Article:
How to tell if a loan is good

How to tell if a loan is good

November 24, 2019

Many of our purchasing decisions in 2019 are dominated by the use of a simple Google search.

If it comes up first and appears to have what we need, then why go elsewhere?

But all products aren’t created equal, and this is never more true when we’re talking about finance products – particularly loans.

There’s no loan that’s inherently ‘good’ or ‘bad’, more that there are some out there that will be more suited to your circumstances than others.

You might hear a lot of talk about ‘short-term high-cost loans’ or ‘payday loans’ as a bad option, and that’s sometimes the case, but not always.

Essentially, you should always check to see if a loan is right for you using the following factors:

MSE money mantra

Before you ‘buy’ anything (and remember, a loan is a product you buy and not ‘free money’), this money mantra from MoneySavingExpert is genuinely a godsend.

If you’re skint, you ask yourself:

  • Do I need it?
  • Can I afford it?

If you’re not skint, ask yourself?

  • Will I use it?
  • Is it worth it?

You might be getting a loan for a number of reasons.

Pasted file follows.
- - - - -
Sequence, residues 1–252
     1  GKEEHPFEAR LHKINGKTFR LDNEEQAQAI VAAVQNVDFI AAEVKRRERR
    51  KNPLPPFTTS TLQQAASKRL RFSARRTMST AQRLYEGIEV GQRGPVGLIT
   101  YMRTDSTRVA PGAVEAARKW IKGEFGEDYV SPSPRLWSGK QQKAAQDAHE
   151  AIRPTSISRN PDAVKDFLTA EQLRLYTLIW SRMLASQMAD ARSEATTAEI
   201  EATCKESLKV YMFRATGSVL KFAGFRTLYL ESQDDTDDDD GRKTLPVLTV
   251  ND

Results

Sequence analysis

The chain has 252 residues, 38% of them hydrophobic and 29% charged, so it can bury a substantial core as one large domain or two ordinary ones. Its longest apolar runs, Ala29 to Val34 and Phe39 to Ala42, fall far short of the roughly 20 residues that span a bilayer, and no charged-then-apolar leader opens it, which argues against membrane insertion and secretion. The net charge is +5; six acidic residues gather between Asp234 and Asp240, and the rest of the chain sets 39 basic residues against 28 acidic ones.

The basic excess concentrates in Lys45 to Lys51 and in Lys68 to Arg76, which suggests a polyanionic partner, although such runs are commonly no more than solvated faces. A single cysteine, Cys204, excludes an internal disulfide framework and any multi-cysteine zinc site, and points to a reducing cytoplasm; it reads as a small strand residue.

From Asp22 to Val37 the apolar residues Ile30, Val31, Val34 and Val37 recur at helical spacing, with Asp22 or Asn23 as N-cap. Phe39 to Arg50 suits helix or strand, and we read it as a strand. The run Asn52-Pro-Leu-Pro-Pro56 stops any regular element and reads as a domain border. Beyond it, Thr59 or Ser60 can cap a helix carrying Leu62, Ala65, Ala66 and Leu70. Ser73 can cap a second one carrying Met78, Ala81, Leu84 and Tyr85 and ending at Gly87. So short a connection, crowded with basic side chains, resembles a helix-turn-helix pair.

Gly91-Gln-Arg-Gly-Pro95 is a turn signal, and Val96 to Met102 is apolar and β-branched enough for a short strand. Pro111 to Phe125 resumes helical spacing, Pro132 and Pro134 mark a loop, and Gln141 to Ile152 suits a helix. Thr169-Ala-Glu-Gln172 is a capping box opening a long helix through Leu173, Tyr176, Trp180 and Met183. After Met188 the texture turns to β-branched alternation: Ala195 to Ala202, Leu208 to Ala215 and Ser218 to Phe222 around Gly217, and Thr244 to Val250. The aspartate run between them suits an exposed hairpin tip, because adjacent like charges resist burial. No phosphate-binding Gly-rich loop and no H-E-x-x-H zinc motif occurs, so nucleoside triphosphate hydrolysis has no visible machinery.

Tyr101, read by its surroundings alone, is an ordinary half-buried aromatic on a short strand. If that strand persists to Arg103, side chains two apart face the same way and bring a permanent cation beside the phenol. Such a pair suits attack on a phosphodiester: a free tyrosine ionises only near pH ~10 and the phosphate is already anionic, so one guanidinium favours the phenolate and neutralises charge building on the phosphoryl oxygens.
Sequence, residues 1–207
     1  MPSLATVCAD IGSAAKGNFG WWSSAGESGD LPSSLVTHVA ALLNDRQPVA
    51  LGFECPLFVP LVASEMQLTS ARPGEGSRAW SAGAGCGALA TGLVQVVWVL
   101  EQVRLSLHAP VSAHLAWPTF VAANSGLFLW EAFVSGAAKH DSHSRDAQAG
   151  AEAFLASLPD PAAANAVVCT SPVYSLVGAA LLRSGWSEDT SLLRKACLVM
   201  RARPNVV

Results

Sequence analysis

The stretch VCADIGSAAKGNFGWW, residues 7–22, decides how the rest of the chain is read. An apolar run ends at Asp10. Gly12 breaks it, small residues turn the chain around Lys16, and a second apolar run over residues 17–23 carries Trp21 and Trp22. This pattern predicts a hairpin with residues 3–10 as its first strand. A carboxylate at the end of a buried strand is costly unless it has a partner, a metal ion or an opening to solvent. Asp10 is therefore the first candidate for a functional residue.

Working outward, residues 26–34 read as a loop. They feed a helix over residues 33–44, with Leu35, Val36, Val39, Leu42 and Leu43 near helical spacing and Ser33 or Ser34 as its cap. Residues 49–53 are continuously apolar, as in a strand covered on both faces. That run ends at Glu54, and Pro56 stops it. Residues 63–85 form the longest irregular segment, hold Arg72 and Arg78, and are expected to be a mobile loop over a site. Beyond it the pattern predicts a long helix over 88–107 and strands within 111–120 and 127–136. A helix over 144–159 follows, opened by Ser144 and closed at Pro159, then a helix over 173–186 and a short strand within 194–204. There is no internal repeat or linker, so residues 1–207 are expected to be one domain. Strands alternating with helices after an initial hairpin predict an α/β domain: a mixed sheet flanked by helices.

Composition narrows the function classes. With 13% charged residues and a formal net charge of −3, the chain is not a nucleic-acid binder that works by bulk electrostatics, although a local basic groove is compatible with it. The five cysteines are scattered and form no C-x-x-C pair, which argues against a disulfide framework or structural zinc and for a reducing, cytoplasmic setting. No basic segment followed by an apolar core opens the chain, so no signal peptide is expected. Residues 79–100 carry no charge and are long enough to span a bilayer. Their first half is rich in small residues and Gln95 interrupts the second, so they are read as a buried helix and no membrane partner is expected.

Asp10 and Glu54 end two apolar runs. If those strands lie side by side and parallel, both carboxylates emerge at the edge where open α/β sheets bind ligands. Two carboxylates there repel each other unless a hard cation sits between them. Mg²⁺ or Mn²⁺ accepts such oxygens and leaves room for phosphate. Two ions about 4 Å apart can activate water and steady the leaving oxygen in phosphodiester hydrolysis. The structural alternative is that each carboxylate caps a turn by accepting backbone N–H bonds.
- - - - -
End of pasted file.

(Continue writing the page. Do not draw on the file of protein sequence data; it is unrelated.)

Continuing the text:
Perhaps it’s because you’re short on cash for living expenses. But do you really need a loan, or is there money in savings or that could be borrowed from family or friends for cheaper?

If it’s for a product like a car or home improvements, do you really to take out a loan, or could you buy something cheaper or make improvements gradually?

There will be times when the answer is yes to these questions, but it’s important to ensure you’re making the right decision in taking out any form of credit before you do so.

Good and bad debt

We’ve spoken before about ‘good’ and ‘bad debt’ – in particular looking at mortgages.

Although all debt is technically debt, some is considered better than others if it increases your overall wealth.

Is the loan, like a mortgage or student loan, actually going to make you money in the long-run? Or, like how a car depreciates once it leaves the forecourt, is it going to lose you money long-term.